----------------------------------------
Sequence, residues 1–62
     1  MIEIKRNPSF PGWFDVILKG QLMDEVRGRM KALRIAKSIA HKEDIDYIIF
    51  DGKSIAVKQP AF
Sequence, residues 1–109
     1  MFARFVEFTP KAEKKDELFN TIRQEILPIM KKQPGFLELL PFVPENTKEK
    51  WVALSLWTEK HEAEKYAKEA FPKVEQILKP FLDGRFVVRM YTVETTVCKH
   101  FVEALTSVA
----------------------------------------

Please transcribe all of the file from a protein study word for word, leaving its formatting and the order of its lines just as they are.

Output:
Sequence, residues 1–62
     1  MIEIKRNPSF PGWFDVILKG QLMDEVRGRM KALRIAKSIA HKEDIDYIIF
    51  DGKSIAVKQP AF
Sequence, residues 1–109
     1  MFARFVEFTP KAEKKDELFN TIRQEILPIM KKQPGFLELL PFVPENTKEK
    51  WVALSLWTEK HEAEKYAKEA FPKVEQILKP FLDGRFVVRM YTVETTVCKH
   101  FVEALTSVA